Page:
Insect or Arachnid?

Insect or Arachnid? lesson plan

Do tiny creatures that creep, crawl, buzz, and fly around your head bug you? Use Crayola Dry-Erase Markers to demonstrate your insect-elligence.

  • 1.

    Although they both have exoskeletons (hard skeleton on the outside of their bodies), segmented bodies, and jointed legs, spiders and insects are very different species. Read books---such as "Everything Bug: What Kids Really Want to Know About Insects and Spiders" by Cherie Winner or "Simon and Shuster Children's Guide to Insects and Spiders" by Jinny Johnson---to learn about differences between the species.

  • 2.

    Notice that spiders have two body parts and insects have three. Observe the eight simple eyes on spiders and the two compound eyes on insects. Did you see that spiders have no antennae, while insects have two? Almost everyone knows that insects have three pairs of legs, while spiders have four. With Crayola Colored Pencils, jot down other interesting facts as you discover them.

  • 3.

    Cut paper into slips with Crayola Scissors. Write your favorite fun facts, one per slip. Place papers from everyone in the class into a container such as a recycled box.

  • 4.

    At the top of a large dry-erase board, use Crayola Dry-Erase Markers to draw an accurate illustration of a spider and an insect. Draw a line under the illustrations and a line between them, extending the full length of the board.

  • 5.

    One student at a time pulls a fact from the container and reads it. Together, decide whether the statement refers to spiders or insects. As each fact is read, write the characteristic or place a tally mark under the appropriate bug. Stack the facts into a spider pile and an insect pile. When you are finished reading all the facts, the tally mark counts under each bug should match the numbers in each pile. Before you know it, you'll all be bug experts!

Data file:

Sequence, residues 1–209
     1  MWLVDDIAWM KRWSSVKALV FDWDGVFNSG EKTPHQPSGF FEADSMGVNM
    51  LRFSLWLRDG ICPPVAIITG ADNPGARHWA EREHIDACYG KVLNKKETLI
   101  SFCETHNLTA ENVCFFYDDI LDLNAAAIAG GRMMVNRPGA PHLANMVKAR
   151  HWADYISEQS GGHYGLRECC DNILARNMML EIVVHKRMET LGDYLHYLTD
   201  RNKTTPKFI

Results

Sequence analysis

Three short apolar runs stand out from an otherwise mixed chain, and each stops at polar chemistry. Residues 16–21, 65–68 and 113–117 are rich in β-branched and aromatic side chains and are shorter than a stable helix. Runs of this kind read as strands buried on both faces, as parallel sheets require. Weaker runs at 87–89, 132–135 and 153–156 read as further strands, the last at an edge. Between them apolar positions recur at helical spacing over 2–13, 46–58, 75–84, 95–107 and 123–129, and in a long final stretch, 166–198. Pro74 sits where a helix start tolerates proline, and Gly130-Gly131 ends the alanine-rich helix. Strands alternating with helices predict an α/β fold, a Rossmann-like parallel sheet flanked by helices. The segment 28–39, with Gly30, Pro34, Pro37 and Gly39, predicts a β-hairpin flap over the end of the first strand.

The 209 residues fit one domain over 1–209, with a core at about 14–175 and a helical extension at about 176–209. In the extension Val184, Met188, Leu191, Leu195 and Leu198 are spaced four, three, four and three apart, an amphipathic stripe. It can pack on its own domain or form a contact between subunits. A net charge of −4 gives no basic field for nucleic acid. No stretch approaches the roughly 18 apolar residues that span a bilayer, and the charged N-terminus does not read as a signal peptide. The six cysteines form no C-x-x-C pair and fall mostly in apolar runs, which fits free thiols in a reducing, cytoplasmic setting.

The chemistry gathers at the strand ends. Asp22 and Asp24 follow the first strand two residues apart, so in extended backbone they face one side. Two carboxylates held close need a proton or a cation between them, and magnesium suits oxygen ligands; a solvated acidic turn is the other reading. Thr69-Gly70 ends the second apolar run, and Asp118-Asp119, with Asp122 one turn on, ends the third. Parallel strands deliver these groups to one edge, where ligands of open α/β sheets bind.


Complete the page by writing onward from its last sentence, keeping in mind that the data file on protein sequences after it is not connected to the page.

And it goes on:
Standards

  • LA: Read with sufficient accuracy and fluency to support comprehension.
  • LA: Read and comprehend informational texts, including history/social studies, science, and technical texts, at the high end of the grade level text complexity band independently and proficiently.
  • LA: Determine or clarify the meaning of unknown and multiple-meaning words and phrases based on grade level reading and content, choosing flexibly from an array of strategies.
  • LA: Conduct short research projects that build knowledge through investigation of different aspects of a topic.
  • LA: Write routinely over extended time frames (time for research, reflection, and revision) and shorter time frames (a single sitting or a day or two) for a range of discipline-specific tasks, purposes, and audiences.
  • LA: Report on a topic or text, tell a story, or recount an experience in an organized manner, using appropriate facts and relevant, descriptive details to support main ideas or themes; speak clearly at an understandable pace.
  • SCI: Construct an argument that plants and animals have internal and external structures that function to support survival, growth, behavior, and reproduction.
  • VA: Select and use the qualities of structures and functions of art to improve communication of ideas.

Adaptations

  • Possible classroom resources include: Simon & Schuster Children's Guide to Insects and Spiders by Jinny Johnson; About Arachnids: A Guide for Children by Catherine Sill; Centipedes, Millipedes, Scorpions & Spiders (Animal Kingdom Classification) by Daniel Gilpin
  • Organize a school yard field trip. Equip student teams with digital cameras. Ask each team to quietly search for insects and arachnids and photograph the samples in the school yard. Upload the digital photos to a classroom computer and project each photo on a white board for student discussion. Ask students to identify if the specimen is an insect or an arachnid, providing research support for responses. Then ask students to find out what type of insect or arachnid they have photographed in their school yard.
  • Students collaborate to create a classroom bulletin board/mural of spiders and insects in their natural habitats. Spider webs are okay, too! Attach small flags in the bulletin board to identify names of the insects illustrated. From time to time, change the insects and ask students to create new flags to identify the new visitor to your classroom habitat.